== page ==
“Everything just seems so out of control right now.” My friend is lamenting, forehead listing to one side, braced by her thumb and index finger. My wife and I are chatting with some of our good friends during a Zoom happy hour. We all shake our head before agreeing to talk about good things that are happening in our lives. Lost in all this is the fact that we’ve never hosted digital hangouts with our friends and families before this week. We were always so busy with kids activities and other commitments. Think about your weekly routine only 6 months ago. Take a moment and really indulge the activity: remember what you and your family were doing then. School was in full swing along with fall activities and sports leagues. If you are anything like the average family, that means 3-4 hours a week per child on practices/lessons, another 3-4 hours of homework per week, and all the SUV shuttling in between. So it looks something like this for our family: Monday night is art class and Boy Scouts, Tuesday is soccer practice and golf lessons, Wednesday is religious education and youth group, Thursday is another art class and another soccer practice, Friday is free, which is good for the boys to have free play with their friends because Saturday and Sunday are full of soccer games. The state of the modern family was overwhelmed by most assessments not even six months ago as the task of saying no to commitments seemed almost Herculean. Well, the entire world just said “no” for you. You feel somewhat out of place if you’re upbeat during quarantine 2020. It feels as though people are looking at you as if to say, “do you not get it?” In truth, the Coronavirus has created a lot of opportunities and choices for families that would otherwise be impossible to consider. This pandemic has hit the reset button on your routines, and you now get to choose how to proceed from here. Let me be clear that everyone needs to do their part to flatten the curve: stay home, social distance, and wash your hands. Now is not the time to be selfish and host your annual “Start of Spring Cookout,” just because you desperately want things to be normal. I am not saying anything here to the contrary. Within that framework though, there is still a lot of reasons to stay upbeat in all this.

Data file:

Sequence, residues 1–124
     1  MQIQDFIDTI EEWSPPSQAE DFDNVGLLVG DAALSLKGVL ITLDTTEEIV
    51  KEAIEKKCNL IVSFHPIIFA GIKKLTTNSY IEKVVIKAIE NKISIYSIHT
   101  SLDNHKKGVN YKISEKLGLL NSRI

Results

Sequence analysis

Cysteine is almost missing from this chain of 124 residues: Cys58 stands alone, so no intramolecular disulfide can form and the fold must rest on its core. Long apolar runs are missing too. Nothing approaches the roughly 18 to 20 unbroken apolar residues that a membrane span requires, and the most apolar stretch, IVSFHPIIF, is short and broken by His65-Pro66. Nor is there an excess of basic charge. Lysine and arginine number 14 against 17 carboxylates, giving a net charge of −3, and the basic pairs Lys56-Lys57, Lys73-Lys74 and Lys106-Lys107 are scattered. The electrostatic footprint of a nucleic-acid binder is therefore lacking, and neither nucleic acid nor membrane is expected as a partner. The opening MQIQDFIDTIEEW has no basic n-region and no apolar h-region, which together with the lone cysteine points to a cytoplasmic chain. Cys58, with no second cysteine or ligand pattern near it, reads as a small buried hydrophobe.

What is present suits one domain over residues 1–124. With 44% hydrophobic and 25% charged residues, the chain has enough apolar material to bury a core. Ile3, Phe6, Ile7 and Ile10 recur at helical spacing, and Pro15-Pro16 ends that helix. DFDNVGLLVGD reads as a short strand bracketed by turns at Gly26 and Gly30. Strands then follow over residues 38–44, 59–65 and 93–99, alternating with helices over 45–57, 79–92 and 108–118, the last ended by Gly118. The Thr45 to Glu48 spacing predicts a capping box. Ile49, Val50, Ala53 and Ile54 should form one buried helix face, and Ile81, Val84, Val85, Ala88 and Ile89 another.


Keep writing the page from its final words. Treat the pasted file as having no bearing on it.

Controlling the Controllables
One of the guiding principles we use in our college coaching is the idea that you must focus on the things you can control when moving through the college search. There are a ton of things in the college search that you have zero control over: how many other people apply to college, what are the college’s enrollment goals, how a college chooses to review your application, how much time they spend doing so, whether the admissions officer likes your well-thought-out college essay, and at least a dozen other factors that I can’t even of right now. But, just because people cannot control these things, doesn’t mean they don’t try.